Reason No. 64 Why the Earl of Oxford was Shakespeare: The Pivotal Year for Play Publications is also the Year of His Recorded Death — 1604

The official record indicates that Edward de Vere, Earl of Oxford died at fifty-four on June 24, 1604, and it just so happens that within the span of three decades (1594-1623) when first-time “Shakespeare” play publications occurred, 1604 is the pivotal year.

Hamlet 2ndQuartoCover2

Given the hypothesis that Oxford was the true author, a logical prediction is that upon his death in 1604 we should see some significant changes or events in the history of the play printings, and in fact that is precisely what we find; such as:

*  The Tragicall Historie of Hamlet, Prince of Denmarke comes off the press in 1604 in its most nearly full version, evidently from the author’s own manuscript.

*  After that printing the great issuance of authoritative Shakespeare plays abruptly ends, leaving eighteen plays unpublished for nearly twenty years.

*  In the Christmas season of 1604-05, the Court of King James holds an unprecedented festival of seven Shakespeare plays celebrating the marriage of Oxford’s daughter Susan de Vere.

*  In 1604 the King’s Men, formerly the Chamberlain’s Men (“Shakespeare’s company”), having gone without problems since its inception in 1594, suddenly has trouble with the authorities.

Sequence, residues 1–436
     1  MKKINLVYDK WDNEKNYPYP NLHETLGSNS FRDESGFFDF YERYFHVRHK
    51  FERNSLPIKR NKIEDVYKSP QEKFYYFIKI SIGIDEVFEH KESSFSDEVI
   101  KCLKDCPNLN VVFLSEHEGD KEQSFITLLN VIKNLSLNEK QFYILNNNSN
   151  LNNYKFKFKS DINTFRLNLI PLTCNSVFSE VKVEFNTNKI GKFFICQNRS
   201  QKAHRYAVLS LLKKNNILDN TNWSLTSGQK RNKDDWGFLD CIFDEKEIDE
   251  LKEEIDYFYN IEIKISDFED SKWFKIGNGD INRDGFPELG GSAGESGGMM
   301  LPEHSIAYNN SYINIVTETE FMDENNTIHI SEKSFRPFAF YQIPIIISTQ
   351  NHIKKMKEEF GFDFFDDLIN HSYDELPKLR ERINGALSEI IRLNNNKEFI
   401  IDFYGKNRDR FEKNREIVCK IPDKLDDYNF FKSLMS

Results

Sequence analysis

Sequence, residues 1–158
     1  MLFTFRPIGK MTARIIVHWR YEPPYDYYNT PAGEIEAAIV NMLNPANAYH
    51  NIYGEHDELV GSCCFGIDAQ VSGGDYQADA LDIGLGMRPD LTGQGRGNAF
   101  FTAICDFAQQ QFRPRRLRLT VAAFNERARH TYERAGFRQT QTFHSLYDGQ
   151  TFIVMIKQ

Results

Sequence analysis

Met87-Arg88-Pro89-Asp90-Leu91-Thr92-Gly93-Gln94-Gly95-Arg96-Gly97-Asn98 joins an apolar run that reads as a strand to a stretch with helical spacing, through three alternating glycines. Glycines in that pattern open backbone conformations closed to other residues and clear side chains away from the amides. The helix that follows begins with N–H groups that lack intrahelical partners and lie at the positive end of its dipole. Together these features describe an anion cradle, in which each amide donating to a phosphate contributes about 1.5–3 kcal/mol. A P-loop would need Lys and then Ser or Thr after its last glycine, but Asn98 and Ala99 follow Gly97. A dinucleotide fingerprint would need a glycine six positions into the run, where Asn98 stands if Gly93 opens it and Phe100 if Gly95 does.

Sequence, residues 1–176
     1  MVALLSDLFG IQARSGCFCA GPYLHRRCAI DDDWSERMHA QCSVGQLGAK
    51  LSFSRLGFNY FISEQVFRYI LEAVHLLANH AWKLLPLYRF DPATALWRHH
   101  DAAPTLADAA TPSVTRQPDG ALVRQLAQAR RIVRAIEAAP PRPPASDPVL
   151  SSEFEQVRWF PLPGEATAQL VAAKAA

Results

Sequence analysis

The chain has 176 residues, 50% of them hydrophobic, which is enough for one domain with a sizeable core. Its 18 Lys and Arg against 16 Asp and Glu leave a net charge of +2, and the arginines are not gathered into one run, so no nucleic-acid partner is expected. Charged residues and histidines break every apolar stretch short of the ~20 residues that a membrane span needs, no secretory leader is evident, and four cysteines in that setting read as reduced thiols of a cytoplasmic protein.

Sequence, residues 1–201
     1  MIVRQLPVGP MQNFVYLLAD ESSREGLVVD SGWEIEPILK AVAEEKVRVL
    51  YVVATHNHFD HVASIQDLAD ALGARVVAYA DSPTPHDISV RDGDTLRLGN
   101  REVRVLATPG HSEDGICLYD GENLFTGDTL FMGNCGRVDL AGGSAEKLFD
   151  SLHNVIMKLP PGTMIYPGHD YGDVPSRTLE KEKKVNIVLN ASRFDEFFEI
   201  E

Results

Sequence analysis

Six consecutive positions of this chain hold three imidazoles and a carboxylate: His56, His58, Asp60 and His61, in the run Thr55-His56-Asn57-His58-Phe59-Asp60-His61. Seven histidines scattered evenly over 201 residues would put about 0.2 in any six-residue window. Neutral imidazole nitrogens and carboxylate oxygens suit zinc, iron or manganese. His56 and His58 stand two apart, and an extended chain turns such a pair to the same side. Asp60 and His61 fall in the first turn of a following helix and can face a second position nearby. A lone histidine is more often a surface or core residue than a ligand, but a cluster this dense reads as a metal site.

*  The businessman William Shakspere of Stratford upon Avon lodges in 1604 with Mountjoy, a maker of women’s headdresses — the last indication of him as living in London.

*  Traditional biographies conjecture Shakespeare’s acting career ends in 1604, when he returns home to Stratford.

Thirteen Shakespearean plays were printed during 1594-1600.  The six published during 1594-97 were anonymous; the name first appeared in 1598, when the great issuance of dramatic works truly began, but after 1600 the floodgates swung shut — a temporarily hiatus, for perhaps three years.  The reason, J. T. Looney offers in Shakespeare Identified of 1920, was that Henry Wriothesley, Earl of Southampton, dedicatee of the 1593-94 poems, was imprisoned in early 1601 for his role in the failed Essex Rebellion. 

“All publication of proper literary versions of the plays stopped immediately,” Looney noted, adding it seems that although “the complete issue of the plays had been decided upon and begun,” Southampton’s entrance into the Tower “interfered with the plans.”